Sunday December 05, 2021

Domestic violence

September 11, 2020

On March 23, 2020, as Covid 19 was overtaking the world, UN Secretary General Antonio Guterres pleaded for peace: “To warring parties: Pull back from hostilities. Silence the guns; stop the artillery; end the airstrikes...End the sickness of war and fight the disease that is ravaging our world. It starts by stopping the fighting everywhere. Now. That is what our human family needs, now more than ever.”

Two weeks later, horrified by the global surge in male violence against women, he again implored for peace: “Peace is not just the absence of war. Many women under lockdown for Covid 19 face violence where they should be safest: in their own homes. Today I appeal for peace in homes around the world. I urge all governments to put women’s safety first as they respond to the pandemic.”

In every region of the world, battery and sexual assault of women and girls isolated at home increased with the spread of the coronavirus. Reports from China’s Hubei province indicated that domestic violence tripled during February 2020 compared to February 2019. In France violence against women increased 30% after they initiated a March 17 lockdown; in Argentina, by 25%; and in Singapore, 33%. The pandemic in sexual assault of women and girls followed the Covid 19 pandemic in what Executive Director of UN Women Phumzile Mlambo-Ngcuka called “a perfect storm for…violent behavior behind closed doors.” By the end of May 2020, nearly 250 million women and girls had reported suffering sexual or physical violence by an intimate partner, a far greater number than those infected by the virus.

“Stay Safe–Stay Home” is one of the essential public health measures in containing the Covid virus. Yet home is a dangerous and unsafe place for those 1 in 3 women worldwide who are physically and/or sexually abused over their lifetime, most by a male relative or intimate partner at home. Further, intimate partners commit one-half of femicides–the killing of women because they are women–throughout the world. School, the workplace outdoors, anywhere is safer than home for women and girls at risk of domestic violence.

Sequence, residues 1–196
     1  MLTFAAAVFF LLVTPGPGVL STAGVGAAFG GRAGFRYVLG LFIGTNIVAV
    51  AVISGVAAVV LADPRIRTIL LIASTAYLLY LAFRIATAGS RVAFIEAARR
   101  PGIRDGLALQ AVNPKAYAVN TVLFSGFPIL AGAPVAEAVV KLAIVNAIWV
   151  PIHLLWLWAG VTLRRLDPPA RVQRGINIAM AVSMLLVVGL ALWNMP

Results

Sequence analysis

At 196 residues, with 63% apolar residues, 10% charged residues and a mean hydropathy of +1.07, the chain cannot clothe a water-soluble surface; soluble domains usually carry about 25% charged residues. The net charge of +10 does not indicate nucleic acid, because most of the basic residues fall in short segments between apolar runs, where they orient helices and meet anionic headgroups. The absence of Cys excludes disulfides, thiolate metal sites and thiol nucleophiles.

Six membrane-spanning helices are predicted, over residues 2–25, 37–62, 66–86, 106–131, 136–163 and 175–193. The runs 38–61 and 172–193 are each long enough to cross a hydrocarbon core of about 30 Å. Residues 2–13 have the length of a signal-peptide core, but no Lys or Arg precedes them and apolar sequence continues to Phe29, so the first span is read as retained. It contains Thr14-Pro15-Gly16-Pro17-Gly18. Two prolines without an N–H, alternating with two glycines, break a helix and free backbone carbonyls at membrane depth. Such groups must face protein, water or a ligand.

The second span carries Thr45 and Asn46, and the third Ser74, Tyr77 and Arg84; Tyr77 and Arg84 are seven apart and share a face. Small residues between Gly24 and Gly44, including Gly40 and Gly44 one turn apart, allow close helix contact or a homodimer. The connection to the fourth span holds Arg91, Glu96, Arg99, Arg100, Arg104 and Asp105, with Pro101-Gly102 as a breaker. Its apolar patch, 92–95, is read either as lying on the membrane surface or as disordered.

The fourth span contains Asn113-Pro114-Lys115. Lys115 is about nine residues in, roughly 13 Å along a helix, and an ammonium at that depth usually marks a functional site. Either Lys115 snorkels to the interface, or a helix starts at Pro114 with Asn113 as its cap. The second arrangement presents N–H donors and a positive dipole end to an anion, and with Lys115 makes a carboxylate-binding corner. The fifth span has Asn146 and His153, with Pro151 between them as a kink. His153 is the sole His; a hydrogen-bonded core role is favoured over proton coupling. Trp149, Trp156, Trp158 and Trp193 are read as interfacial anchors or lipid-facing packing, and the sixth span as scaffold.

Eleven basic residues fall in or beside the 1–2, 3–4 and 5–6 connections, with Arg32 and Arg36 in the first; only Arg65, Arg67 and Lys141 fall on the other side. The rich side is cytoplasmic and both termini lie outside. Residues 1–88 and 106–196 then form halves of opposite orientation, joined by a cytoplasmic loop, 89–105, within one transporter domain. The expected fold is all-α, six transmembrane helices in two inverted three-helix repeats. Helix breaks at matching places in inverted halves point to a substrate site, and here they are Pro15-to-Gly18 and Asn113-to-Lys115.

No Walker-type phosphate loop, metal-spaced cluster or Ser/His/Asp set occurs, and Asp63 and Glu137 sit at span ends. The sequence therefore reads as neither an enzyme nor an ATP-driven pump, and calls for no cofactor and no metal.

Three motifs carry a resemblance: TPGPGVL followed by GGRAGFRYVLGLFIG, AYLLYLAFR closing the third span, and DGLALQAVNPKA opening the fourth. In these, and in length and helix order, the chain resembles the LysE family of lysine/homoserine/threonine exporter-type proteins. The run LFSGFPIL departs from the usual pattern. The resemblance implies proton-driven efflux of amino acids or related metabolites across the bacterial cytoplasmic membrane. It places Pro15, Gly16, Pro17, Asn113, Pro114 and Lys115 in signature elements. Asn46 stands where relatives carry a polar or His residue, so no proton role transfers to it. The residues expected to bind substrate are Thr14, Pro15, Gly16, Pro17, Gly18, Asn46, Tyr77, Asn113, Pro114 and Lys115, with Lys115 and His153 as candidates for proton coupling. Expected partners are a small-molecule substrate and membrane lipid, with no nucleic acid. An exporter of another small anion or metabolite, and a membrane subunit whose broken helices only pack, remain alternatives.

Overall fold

An estimated 1.6 billion of the world’s children lost their in-school education because of Covid-19, with many in developing countries lacking the benefit of online education at home. For girls, this setback can be yet more dangerous, more violent and more life-limiting. Boarding schools in Tanzania have saved girls from female genital mutilation (FGM) until Covid sent them home. According to the NGO Terre des Hommes, which runs a safe house for girls, “The community has taken advantage of this situation of Covid-19 and where children are now back at home, they are cutting their girls. They know it is against the law but they are not afraid.”

Excerpted from: ‘A Pandemic Within the Pandemic’